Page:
Maybe Bridges absorbed some aspect of this uncertainty, let it grow inside him into a kind of stance against his times. He made a startling number of westerns and neo-westerns in the Seventies, a decade when the western was supposed to be dead — from Robert Benton’s Bad Company (1972), about young, draft-dodging thieves during the Civil War, to Howard Zieff’s Hearts of the West (1975), about an impressionable Depression-era youth who sets off to find the frontier and instead becomes a cowboy movie stuntman, to Frank Perry’s Rancho Deluxe (1975), about a pair of modern-day cattle rustlers. (Even when the films aren’t westerns, they borrow from the idiom: The Last Picture Show lives in the shadow of the genre and the myth of a dying frontier. So does Hell or High Water. Ranger Hamilton is a throwback, but he’s a throwback to something that never really existed. Near the end, we see him come home, and we notice that he doesn’t live in a tent, nor in a room above a saloon, nor on a ranch. Instead, he has a nice, modern house in town, filled with modern conveniences and a big-screen TV.)
Yet Bridges was never really a typical western actor. For most of his career, he had none of the gruffness or stoic, wounded terseness of an archetypal cowboy hero. In fact, he was the opposite. He was chummy, light on his feet, even naïve — part surfer, part tenderfoot. In those early roles, he’s something of a foil for western heroes: In Hearts of the West, he plays opposite Andy Griffith; in Michael Cimino’s Thunderbolt and Lightfoot (1974), he co-stars with Clint Eastwood, who is everything Jeff Bridges is not. His presence is an almost modernizing one, as a bright-eyed but self-aware kid who can see that the world around him is disappearing. A lot of these films end with his character defeated but spiritually intact. Even death passes over Jeff Bridges gently.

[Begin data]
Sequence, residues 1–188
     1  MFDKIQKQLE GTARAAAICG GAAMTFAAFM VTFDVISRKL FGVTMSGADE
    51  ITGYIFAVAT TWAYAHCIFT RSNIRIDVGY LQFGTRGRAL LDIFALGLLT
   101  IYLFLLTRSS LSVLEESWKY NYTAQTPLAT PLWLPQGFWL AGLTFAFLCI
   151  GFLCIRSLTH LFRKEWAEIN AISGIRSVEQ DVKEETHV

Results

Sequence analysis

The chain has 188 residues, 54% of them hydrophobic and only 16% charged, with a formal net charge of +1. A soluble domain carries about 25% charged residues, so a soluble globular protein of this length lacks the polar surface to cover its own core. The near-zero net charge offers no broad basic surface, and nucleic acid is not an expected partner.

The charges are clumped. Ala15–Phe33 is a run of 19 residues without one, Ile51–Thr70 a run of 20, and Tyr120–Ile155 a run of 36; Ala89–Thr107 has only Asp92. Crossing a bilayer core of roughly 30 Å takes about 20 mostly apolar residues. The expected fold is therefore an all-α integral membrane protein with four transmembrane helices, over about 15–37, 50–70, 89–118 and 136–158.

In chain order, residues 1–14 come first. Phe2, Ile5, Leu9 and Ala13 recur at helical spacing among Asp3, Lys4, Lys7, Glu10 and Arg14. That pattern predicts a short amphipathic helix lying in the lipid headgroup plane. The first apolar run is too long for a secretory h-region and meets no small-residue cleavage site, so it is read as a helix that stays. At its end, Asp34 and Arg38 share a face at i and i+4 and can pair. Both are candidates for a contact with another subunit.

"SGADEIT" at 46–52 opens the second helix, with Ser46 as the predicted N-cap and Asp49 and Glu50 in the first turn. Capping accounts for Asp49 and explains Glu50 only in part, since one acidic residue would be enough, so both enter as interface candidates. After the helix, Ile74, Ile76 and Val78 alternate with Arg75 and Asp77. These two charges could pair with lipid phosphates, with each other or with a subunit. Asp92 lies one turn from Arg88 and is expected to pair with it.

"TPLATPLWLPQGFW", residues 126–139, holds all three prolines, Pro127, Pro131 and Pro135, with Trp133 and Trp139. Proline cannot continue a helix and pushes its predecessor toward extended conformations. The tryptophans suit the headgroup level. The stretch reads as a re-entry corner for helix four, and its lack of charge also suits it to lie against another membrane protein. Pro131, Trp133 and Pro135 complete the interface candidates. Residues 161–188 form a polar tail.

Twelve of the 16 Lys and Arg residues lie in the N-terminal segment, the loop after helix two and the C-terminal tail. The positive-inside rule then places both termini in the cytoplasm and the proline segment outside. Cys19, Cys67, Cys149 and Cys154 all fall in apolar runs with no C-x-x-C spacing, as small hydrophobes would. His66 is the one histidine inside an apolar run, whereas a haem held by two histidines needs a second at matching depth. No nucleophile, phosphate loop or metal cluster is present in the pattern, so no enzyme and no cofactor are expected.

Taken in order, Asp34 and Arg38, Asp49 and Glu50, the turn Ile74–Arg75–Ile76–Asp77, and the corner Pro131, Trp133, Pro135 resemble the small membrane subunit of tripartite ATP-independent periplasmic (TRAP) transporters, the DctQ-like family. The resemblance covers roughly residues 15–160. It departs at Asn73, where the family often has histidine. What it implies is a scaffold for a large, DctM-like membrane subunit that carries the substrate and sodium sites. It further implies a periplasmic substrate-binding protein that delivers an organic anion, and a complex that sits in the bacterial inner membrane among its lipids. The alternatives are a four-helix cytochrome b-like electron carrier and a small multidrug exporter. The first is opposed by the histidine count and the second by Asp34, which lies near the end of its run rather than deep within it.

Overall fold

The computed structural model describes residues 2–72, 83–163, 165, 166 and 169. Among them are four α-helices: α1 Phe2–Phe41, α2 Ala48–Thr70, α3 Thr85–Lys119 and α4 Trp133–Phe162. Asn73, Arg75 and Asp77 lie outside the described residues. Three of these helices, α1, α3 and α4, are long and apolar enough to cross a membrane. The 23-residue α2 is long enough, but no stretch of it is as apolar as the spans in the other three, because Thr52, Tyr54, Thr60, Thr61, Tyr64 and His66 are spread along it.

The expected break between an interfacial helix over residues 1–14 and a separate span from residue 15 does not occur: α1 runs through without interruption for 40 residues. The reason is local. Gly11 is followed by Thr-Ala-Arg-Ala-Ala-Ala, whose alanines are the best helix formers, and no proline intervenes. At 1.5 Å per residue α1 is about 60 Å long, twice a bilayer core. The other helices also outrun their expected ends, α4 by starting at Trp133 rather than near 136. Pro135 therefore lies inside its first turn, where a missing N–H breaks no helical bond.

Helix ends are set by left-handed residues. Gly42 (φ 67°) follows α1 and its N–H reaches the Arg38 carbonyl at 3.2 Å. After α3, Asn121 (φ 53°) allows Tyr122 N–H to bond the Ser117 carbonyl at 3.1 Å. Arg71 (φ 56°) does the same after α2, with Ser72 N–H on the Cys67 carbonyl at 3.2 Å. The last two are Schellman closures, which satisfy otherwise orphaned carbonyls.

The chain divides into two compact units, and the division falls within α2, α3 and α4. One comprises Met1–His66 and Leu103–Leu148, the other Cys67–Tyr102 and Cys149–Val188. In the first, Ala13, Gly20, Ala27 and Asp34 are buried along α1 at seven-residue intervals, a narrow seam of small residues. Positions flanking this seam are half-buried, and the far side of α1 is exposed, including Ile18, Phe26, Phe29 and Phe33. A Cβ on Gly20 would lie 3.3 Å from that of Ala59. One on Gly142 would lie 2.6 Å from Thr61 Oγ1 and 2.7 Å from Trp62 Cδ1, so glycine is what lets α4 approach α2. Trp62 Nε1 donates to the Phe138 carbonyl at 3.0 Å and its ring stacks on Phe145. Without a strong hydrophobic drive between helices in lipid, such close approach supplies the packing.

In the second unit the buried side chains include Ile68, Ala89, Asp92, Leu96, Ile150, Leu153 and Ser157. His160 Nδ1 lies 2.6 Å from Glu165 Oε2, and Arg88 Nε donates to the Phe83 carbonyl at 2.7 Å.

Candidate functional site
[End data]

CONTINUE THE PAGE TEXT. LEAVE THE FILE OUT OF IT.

I haven’t seen a lot of these films. But I have seen the somewhat bizarre and fascinating utter failure that is the 1979 Winter Kills. In this film, Bridges plays the brother of an assassinated president (a thinly veiled JFK figure of course) who tries to find the real killer. This film includes John Huston as his blue-speaking vile father (awesome), Anthony Perkins, Eli Wallach, Sterling Hayden, Dorothy Malone, Tomas Milan, and Toshiro Mifune playing Huston’s Japanese servant. And I have to tell you, Toshiro Mifune should play no man’s servant. It’s a disaster of a movie with an out of control cast and like so many mediocre films of the 70s, is certainly interesting.